A big night last night for fans of the Toronto Blue Jays; something to get us excited on a dark, dreary, cold, windy, and rainy January night.
First the bigger news – the Blue Jays sign Brandon Morrow to a 3-year / $20-million contract extension. At first glance, this looks like a great deal for the Jays. Morrow is 27-years old (he’ll be 28 in July), meaning he is just entering his prime years, and neither the term nor the dollar value are outrageous.
Then I took a second glance at the signing, and it looks like an even better deal.
Look at Morrow’s numbers over the past three seasons (2009 with Seattle). He has gone from 10 starts, to 26 starts, to 30 starts. His innings pitched have also steadily increased, from 69.2 to 146.1, to 179.1 last season. Yes his ERA has also steadily risen, up to an unsightly 4.72 in 2011, but most importantly, his WHIP and his walk rate (measured as BB/9) have steadily decreased over the past three years. All that while maintaining a K/9 rate of greater than 10 in each of the last two years, including a league leading 10.19 in 2011.
Yes Morrow is inconsistent, sometimes frustratingly so. But don’t forget – he didn’t really become a full-time starter until 2010 when arriving with the Blue Jays. Most young starting pitchers take time to settle, and Morrow was jerked around by Seattle, which likely delayed his growth as a pitcher. It’s hard enough to transition from a closer to a starter. Imagine being forced to go back and forth multiple times? Now that his arm strength has built and his starting technique has developed, his elite potential is on the verge of exploding.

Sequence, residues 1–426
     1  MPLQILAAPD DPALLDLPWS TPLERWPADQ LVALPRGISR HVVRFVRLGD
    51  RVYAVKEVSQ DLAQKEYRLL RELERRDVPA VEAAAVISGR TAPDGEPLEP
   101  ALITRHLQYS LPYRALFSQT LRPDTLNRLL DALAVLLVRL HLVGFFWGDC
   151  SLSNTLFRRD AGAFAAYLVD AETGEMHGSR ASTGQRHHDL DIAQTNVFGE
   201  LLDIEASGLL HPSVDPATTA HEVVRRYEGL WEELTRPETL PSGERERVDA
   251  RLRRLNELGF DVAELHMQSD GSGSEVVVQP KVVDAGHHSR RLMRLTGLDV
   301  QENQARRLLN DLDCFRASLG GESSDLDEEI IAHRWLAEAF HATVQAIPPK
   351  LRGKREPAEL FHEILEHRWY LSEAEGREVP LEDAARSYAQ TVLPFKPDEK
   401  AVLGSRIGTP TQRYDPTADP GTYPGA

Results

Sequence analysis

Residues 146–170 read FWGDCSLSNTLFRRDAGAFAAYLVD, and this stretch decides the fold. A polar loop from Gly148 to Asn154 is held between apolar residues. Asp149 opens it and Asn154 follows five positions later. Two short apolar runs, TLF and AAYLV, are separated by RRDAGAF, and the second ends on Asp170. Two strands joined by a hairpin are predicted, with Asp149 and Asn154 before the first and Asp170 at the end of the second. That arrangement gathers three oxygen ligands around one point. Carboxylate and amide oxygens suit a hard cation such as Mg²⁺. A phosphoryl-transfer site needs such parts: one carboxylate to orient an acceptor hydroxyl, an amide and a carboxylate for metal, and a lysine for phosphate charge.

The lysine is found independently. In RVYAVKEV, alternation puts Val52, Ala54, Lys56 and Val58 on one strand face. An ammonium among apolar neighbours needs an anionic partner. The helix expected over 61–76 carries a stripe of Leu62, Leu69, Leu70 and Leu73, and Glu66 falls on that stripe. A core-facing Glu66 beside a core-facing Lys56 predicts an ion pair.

I read a tweet from ESPN analyst Jim Bowden who labelled the signing “high risk” due to Morrow’s “increasing ERA’s and injury history”. But is a three year deal at < $7-million a season really so dangerous, for a potentially elite starting pitcher who has electric stuff and the ability to lead the league in strikeouts year after year? Especially when the Phillies will be paying Jonathan Papelbon $12.5-million to pitch 125-150 fewer innings, and Arizona will be paying Joe Saunders (a 30-year old with a 4.6 K/9 ratio and a 1.31 WHIP (worse than Morrow’s)) $6-million for 2012? I don’t think so.
In the second move of the night, Toronto signed 44-year old (45 in April) Omar Vizquel to a one-year deal. Many people wondered why, especially considering his advanced age and declining skill set. But I love it.
Some people point to the fact that he is a Latin player who speaks Spanish, and thus will help Yunel Escobar. Others point to the fact he could be a mentor to the young Cuban, and potential future Toronto SS Adeiny Hechavarria. Both are solid points.
One could argue that Vizquel will fill the same role as Johnny Mac did for many years – a late inning defensive replacement. You could also point out that despite being much older, Vizquel actually put up better offensive stats than Johnny last year: .251 average and .592 OPS, compared to a .229 average and .577 OPS (in both Toronto and Arizona). If you want to nitpick further, Vizquel’s offensive numbers destroyed those of Mike McCoy, the incumbent “light-hitting sub”.
All good points.
But the real reason why I love the signing has nothing to do with that stuff.
You see, as a kid growing up I played baseball, grinding it out summer after summer in the WMBA (Whitby Minor Baseball Association) for such powerhouse teams as The Legal Beagles, and Whitby Toyota. I played a pretty good shortstop, showing good range, with a decent arm. Unfortunately, I couldn’t hit, finishing my career with 0 home runs and one triple. But I developed a pretty good slap hitting style, getting on base a lot. So naturally, who became my favourite player of all time? Tony Fernandez. What other players captivated me on a daily basis whenever I watched baseball highlights? Ozzie Smith, Alfredo Griffin, and you guessed it.
Welcome to Toronto buddy.